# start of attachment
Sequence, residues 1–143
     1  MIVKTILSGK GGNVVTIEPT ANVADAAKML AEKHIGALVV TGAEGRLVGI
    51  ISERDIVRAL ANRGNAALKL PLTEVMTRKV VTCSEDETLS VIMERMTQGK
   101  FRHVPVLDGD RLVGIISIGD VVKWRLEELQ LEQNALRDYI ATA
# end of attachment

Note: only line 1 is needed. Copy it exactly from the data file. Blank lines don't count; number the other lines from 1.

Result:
Sequence, residues 1–143